Basilica di Santo Stefano Maggiore

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Basilica di Santo Stefano Maggiore
(Basilica di Santo Stefano Maggiore)
IMG 5272 - Milano - Santo Stefano - Foto Giovanni Dall'Orto - 17-feb-2007.jpg
Façade of the Basilica.
Basic information
LocationMilan, Italy
Geographic coordinatesCoordinates: 45°27′44″N 9°11′40″E / 45.46222°N 9.19444°E / 45.46222; 9.19444
AffiliationRoman Catholic
Architectural description
Architectural typeChurch
Architectural styleBaroque

Basilica di Santo Stefano Maggiore is a church in Milan, Italy. It was established in the 5th century. Originally dedicated to both Saint Zechariah and Saint Stephen, it was later dedicated to Saint Stephen only. Throughout its history, has undergone several reconstructions, expansion and restoration.

It is also called St. Stephen in Brolo (the historical name of the area) or St. Stephen's Gate (in reference to the postern of Santo Stefano, now no longer exists).

History and Description[edit]

The original church building was built around the year 417 on the initiative of the future bishop Martinianus. It was destroyed by fire in 1070 and it was rebuilt in romanesque style in 1075.

On 26 December 1476 it was the site of the assassination of Duke Galeazzo Maria Sforza, who had come to the basilica for the celebration of the patron saint.[1]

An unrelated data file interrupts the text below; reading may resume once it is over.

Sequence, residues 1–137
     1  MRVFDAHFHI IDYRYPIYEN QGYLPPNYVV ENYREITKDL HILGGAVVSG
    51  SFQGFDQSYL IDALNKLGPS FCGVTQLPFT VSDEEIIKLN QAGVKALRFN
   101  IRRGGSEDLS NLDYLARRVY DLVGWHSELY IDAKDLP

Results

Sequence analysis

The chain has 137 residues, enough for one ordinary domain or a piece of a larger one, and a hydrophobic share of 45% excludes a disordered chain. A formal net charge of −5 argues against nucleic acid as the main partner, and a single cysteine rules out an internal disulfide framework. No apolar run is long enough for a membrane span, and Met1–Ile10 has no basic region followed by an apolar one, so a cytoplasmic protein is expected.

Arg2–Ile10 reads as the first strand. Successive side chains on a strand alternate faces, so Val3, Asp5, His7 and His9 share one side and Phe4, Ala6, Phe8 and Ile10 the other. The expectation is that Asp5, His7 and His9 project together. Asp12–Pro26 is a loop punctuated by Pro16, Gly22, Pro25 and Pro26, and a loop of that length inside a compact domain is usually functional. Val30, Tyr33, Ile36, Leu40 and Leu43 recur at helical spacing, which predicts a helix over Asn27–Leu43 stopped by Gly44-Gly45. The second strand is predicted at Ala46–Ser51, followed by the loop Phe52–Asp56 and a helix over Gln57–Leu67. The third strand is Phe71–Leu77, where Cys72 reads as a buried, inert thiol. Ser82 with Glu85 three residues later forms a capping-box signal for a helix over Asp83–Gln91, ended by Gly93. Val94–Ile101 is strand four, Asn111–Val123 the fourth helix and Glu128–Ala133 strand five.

On 30 September 1571 in Santo Stefano was baptized the painter Michelangelo Merisi, better known as Caravaggio. This fact was confirmed by the discovery in February 2007 of baptismal certificate of the painter.[2]

Since 1594 the church underwent a series of interventions, including:

  • enlargement of the apse and of the main altar (early 17th century)
  • lengthening of the nave and reconstruction of the facade (mid 17th century)
  • after the collapse in 1642, reconstruction of the bell tower by the architect Gerolamo Quadrio from Lugano (late 17th century)
  • building of the sacristy (early 18th century )
  • modernization of some chapels (early 19th century )

The church preserved the bodies of saints Martinianus, Ausanus and Mansuetus, archbishops of Milan, in 1988 translated to the Milan Cathedral. St. Charles Borromeo also translated here the bodies of saints Leo, Arsazius, Marinus, Mammes and Agapetus.


  1. ^ Colombo, Mauro. "L'assassinio del duca Galeazzo Maria Sforza". Storia di Milano. Retrieved 26 Sep 2011.(in Italian)
  2. ^ "Milano ribattezza Caravaggio: Merisi nacque a Santo Stefano". Corriere della Sera. 26 February 2007. Retrieved 26 Sep 2011.

External links[edit]